North Carolina’s World of Art
Is North Carolina an important state for the arts?
Of course, I assert resoundingly! There are lots of reasons. One is that the state has great art museums including the North Carolina Museum of Art in Raleigh brought to life by its former director Larry Wheeler. The wonderful museums at Duke (Nasher), UNC Greensboro (Weatherspoon), the Mint and Bechtler in Charlotte, and other places have museums that are great blessings.
What really seals the deal for North Carolina, as the new book “Art of the State” points out, is the plethora of artists all over the state who use their talents in many different ways.
The new book by Liza Roberts, published by UNC Press, introduces us to about 60 extraordinary artists who live throughout our state. Most of them are not wedded to the oil and canvas of the traditional art world.
I have gotten to know some of these 60 who sometimes work in the open where the public can observe them in action.
For instance, the potter Ben Owen, who works with clay. He and his colleagues in and around Seagrove have shared their ways of working and persuaded me that their work rates as a high art form. Their pottery then are art treasures.
Many people Tar Heels have been privileged to work alongside Patrick Dougherty as he assembles large structures made of sticks, “woven, spun, braided and twirled, his massive, cocoon-like works of art look like nests shot out of a hurricane.”
Dougherty lives in Chapel Hill and works all over the state and Roberts writes “in places that dot the globe—from Belgrade to Sewanee, Charleston to Dublin. In his work he uses the help of ordinary people to create the wooden sculptures that always draw visitors. Over time, the wood rots and the structures fade away and disappear forever, except in the memories of those who worked and those who visited the project.
Thomas Sayre, who lives in Raleigh, castes components of earth and concrete into gigantic constructions. It requires heavy machinery in the process to cast and place the work. One of his studios, Roberts writes, is a field “where he uses heavy machinery to dig sculptural forms in the earth, where he fills them with rebar and cement and earth, where he later digs up hardened shapes, lifts them, with a crew and a crane, and situates and embeds them where they belong.”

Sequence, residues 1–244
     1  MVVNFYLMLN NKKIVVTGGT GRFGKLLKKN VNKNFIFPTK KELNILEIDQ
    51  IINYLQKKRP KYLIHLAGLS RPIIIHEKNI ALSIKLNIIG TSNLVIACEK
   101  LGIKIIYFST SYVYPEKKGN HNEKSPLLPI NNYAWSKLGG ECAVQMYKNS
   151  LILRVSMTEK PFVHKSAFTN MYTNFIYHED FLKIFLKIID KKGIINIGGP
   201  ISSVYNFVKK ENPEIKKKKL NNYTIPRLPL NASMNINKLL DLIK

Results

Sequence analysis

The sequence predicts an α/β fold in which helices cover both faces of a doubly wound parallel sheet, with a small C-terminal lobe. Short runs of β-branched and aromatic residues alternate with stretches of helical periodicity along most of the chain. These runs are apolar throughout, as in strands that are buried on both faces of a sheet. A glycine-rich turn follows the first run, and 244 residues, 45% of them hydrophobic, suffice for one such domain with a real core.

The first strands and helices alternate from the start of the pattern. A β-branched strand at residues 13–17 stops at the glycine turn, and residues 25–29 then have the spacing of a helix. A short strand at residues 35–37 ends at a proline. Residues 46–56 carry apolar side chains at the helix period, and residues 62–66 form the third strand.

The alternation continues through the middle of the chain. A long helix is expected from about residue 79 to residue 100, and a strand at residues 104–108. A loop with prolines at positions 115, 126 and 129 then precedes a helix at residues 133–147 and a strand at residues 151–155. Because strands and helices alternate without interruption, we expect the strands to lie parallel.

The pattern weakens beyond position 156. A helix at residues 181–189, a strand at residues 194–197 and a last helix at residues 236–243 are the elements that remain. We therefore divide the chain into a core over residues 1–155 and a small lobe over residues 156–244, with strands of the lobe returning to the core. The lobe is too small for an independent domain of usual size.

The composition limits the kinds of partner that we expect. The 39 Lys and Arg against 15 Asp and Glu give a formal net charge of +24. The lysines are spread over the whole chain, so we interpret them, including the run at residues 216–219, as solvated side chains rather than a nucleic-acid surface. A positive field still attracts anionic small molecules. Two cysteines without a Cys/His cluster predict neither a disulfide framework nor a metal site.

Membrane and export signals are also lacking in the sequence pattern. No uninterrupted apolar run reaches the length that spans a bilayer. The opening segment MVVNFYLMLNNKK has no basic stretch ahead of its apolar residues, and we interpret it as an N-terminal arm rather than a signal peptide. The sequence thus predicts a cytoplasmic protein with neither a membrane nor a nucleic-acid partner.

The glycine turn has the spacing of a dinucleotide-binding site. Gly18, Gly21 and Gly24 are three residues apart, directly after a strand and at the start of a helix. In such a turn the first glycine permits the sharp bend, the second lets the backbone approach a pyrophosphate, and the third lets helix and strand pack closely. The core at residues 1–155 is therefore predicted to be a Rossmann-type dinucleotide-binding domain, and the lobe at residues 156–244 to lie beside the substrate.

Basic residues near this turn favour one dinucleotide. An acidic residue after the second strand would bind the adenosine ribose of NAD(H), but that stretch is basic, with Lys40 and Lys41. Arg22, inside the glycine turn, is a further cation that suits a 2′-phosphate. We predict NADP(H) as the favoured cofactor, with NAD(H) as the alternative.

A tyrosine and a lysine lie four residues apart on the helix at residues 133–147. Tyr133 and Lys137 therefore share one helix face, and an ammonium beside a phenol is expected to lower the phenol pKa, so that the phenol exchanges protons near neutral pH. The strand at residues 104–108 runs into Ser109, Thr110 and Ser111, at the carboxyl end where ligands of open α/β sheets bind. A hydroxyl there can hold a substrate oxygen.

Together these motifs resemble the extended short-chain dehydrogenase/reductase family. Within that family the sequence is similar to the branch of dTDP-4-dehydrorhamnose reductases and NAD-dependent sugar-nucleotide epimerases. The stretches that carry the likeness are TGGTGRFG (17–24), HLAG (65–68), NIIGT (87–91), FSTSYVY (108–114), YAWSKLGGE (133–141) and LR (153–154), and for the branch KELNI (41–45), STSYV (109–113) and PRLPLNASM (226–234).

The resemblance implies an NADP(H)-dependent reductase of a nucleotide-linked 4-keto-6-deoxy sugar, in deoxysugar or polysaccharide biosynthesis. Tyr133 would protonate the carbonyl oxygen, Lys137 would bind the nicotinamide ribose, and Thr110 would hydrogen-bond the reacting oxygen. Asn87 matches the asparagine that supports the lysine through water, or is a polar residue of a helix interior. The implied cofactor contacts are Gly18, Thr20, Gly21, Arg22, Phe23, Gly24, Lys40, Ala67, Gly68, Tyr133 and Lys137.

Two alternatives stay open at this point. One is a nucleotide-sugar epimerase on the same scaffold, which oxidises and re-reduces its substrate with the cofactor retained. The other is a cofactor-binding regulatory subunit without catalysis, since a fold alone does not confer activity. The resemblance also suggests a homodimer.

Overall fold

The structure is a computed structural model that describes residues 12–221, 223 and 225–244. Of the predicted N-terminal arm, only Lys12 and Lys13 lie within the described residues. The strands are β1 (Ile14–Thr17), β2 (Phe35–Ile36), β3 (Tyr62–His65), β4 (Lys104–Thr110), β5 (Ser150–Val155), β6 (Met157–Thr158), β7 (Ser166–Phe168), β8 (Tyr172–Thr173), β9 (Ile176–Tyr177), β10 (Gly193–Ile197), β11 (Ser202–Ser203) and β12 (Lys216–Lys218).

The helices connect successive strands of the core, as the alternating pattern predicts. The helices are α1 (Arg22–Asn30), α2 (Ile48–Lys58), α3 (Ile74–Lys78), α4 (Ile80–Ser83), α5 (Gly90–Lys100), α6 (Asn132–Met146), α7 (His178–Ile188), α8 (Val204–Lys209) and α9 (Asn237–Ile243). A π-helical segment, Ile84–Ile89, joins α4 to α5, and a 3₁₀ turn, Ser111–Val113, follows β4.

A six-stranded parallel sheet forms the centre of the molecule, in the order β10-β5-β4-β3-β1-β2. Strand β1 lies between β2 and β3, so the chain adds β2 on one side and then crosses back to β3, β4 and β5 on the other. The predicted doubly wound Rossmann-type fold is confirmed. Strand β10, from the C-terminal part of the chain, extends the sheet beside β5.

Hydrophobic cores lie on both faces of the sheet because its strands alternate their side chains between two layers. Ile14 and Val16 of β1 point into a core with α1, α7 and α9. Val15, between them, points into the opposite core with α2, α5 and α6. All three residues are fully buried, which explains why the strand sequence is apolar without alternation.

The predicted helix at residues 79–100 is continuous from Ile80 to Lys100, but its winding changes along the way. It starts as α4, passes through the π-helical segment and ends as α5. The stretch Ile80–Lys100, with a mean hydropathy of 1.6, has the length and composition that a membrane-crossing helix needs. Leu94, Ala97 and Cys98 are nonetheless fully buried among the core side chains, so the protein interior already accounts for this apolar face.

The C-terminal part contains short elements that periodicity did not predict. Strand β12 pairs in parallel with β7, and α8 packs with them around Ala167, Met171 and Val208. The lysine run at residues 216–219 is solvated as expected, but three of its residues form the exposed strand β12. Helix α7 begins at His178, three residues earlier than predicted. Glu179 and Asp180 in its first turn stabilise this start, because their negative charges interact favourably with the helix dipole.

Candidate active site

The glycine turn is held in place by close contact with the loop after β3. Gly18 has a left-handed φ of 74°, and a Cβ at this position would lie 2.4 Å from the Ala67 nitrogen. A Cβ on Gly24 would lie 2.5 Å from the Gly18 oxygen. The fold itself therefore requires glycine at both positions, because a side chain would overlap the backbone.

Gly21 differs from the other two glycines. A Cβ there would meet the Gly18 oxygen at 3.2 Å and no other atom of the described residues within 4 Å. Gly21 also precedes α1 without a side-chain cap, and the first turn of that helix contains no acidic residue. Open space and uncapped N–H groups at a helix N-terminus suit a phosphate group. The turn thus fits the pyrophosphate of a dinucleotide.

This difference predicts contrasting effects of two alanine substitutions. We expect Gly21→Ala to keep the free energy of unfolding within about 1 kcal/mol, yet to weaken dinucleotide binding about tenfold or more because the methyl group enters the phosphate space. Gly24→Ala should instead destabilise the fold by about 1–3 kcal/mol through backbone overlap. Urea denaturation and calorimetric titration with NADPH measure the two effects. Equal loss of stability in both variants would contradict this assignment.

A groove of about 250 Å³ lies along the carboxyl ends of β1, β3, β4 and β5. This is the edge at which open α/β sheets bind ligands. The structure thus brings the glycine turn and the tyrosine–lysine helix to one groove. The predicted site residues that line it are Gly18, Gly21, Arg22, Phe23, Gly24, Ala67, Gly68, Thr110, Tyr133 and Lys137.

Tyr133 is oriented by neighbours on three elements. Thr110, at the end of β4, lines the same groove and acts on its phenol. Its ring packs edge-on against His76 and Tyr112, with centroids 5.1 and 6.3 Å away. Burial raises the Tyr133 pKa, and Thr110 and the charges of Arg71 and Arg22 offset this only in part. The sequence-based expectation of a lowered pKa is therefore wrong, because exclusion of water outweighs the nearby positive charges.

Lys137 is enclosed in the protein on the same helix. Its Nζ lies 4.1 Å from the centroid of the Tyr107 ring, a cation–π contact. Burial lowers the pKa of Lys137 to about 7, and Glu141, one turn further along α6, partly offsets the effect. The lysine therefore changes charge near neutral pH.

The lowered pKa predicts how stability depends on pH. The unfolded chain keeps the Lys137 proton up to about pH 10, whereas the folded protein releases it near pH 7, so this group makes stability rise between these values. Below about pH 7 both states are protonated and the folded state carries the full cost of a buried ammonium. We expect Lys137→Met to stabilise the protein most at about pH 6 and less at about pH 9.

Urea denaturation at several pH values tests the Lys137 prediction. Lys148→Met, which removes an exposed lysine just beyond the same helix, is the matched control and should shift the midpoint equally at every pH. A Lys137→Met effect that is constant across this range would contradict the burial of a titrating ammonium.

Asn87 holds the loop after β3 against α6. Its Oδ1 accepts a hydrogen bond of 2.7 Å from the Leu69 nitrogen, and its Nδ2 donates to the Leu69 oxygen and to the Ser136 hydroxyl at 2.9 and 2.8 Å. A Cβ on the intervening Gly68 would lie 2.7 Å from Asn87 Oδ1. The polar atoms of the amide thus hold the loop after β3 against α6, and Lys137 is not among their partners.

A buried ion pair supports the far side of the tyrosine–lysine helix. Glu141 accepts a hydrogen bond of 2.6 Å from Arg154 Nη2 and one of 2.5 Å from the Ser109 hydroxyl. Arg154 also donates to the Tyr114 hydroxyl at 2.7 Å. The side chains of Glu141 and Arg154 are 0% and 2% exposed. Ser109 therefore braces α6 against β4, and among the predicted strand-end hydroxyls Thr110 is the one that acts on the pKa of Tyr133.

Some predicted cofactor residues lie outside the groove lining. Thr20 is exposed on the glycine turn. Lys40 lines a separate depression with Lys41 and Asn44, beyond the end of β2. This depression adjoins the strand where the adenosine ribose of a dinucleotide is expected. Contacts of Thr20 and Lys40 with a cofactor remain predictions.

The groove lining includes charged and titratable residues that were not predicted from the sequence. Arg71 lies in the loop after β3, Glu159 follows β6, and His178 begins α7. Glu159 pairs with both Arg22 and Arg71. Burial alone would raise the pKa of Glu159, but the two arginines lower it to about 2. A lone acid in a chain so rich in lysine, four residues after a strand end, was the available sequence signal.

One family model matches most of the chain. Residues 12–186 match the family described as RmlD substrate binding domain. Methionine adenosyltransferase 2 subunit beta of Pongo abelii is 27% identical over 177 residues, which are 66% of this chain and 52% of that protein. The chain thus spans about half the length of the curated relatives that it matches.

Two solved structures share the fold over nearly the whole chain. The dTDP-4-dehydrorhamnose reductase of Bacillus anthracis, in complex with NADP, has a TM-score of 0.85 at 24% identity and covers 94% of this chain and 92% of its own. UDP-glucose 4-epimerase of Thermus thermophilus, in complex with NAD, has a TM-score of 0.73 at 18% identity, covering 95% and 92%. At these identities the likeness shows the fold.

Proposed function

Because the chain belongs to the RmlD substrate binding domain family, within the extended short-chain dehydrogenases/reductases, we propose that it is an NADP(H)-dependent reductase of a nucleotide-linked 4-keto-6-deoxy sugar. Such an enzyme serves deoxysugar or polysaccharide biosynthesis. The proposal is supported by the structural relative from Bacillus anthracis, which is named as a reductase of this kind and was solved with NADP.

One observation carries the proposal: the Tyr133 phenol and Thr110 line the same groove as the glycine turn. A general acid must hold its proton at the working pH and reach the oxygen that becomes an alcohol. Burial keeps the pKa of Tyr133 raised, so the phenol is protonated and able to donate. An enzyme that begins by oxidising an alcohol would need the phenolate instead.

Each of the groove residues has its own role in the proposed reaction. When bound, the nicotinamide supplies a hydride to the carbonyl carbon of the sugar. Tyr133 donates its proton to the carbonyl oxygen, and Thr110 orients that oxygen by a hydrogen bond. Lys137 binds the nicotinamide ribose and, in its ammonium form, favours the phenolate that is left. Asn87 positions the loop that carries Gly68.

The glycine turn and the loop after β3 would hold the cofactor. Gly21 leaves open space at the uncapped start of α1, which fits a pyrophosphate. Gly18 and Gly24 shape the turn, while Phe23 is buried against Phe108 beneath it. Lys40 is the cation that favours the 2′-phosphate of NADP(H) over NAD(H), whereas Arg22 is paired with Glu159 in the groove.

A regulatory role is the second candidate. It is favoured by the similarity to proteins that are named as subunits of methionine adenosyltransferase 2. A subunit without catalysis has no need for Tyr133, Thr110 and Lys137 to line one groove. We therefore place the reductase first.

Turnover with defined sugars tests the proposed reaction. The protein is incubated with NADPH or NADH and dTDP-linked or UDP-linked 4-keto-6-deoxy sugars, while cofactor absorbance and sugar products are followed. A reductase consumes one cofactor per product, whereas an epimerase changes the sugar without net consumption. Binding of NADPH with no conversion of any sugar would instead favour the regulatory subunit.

Herb Jackson’s dramatic configurations of shape and color on canvas is work that I have been privileged to follow in my hometown of Davidson where Jackson taught and still lives and works.
Elizabeth Bradford, who lives near Davidson on land her family has owned for hundreds of years, declares she is on a mission “to take things that aren’t obviously beautiful and to render them beautiful” in her large canvases. Every year she picks something “I didn’t think I could do, and I would spend the next year trying to do it.” One year she decided to paint a new painting every single day for a year.
These artists are celebrated in the book along with more than 50 other exciting North Carolina artists. In addition to their different modes of art, they are diverse in gender, race, ethnic background, and where they live.
“Art of the State” calls us to savor these differences and shows how the artists’ diversity helps us see and better appreciate the different art forms these artists use.
The new book demonstrates that our state is blessed with a variety of artists, age-wise, generation-wise, and racial-wise. It is a godsend that they work with a variety of different styles, mediums, and sizes.
Using extraordinarily beautiful photographs of the artists and their work, Roberts shows their diversity and their charm. The photos and the book’s description of the artists’ different approaches gives its readers and viewers a spectacular introduction to the importance of North Carolina and all that it offers artists and art fans.
In conclusion, “Art of the State,” so carefully organized and illustrated, is itself a piece of art that will be enjoyed by its owners for many years.
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D.G. Martin, a retired lawyer, served as UNC-System’s vice president for public affairs and hosted PBS-NC’s North Carolina Bookwatch.